How To Soundproof Your Windows

Few things are worse than trying to fall asleep at night, only to hear screeching tires or a vehicle blasting music just as you’re about to drift off. Outside noise or noise pollution can also be a problem during the daytime. This is especially problematic for people who work from home. The good news is that you can learn how to soundproof your windows so that outdoor disturbances don’t break your concentration or keep you from getting the rest you need.

It’s important to start with quality windows. If you still have single-paned windows in your home, you’re guaranteed to hear a lot of excess noise. These products aren’t built for blocking out sounds, and they’re hardly efficient. Before you start trying to improve them, consider investing in double-paned or even triple-paned designs. These have airspace in-between their panes and are filled with argon gas. Once higher quality options have been put in, you’ll hear a lot less noise right away.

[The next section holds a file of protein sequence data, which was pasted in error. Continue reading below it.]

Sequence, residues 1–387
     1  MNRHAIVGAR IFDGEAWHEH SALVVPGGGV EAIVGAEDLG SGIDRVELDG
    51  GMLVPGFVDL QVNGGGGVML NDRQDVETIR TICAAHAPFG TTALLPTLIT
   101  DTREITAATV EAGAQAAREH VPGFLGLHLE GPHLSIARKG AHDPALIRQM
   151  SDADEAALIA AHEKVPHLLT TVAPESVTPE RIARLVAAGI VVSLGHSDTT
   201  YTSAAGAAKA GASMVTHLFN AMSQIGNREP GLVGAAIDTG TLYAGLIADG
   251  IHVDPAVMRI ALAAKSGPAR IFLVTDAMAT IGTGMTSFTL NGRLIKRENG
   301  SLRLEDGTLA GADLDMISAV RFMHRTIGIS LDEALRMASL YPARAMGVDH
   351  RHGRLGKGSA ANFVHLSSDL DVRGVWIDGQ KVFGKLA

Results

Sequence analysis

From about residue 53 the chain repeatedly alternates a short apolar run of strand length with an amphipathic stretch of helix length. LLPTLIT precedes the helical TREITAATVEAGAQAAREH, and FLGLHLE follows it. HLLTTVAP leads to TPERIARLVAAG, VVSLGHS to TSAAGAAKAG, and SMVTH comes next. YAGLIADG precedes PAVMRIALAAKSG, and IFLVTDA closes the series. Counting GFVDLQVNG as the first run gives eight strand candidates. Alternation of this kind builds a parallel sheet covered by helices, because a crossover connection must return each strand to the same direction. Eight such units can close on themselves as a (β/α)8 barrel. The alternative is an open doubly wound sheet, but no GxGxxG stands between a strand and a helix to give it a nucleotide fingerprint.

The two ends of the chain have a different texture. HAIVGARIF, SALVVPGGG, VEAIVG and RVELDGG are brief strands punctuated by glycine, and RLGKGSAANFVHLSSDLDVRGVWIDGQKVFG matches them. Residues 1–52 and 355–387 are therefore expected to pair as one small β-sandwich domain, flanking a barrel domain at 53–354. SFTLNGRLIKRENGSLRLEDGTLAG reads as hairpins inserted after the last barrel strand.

The next step is to weatherstrip any openings that have gaps and cracks. With proper window installation, you’re unlikely to have a lot of these, but it’s still best to check for them. Adding weatherstripping any areas that lack a completely tight seal will result in significant energy savings throughout the year. It will also allow for a lot less outside noise.

Acoustic caulk is also an excellent choice for sealing up any gaps or cracks. This is made specifically for dampening sounds. It will create a truly airtight environment while making it far more difficult to hear any commotion that’s occurring outside. These products are inconspicuous, easy to apply, and relatively quick to dry.

You can also invest in a variety of devices and other products that are designed specifically for muting noise pollution. For instance, you can also install window inserts that provide another formidable barrier between you and the outdoors. When choosing supplementary products, make sure that they’re completely compatible with the window types you have installed, and that they’re easy and intuitive enough for a quick, do-it-yourself installation.

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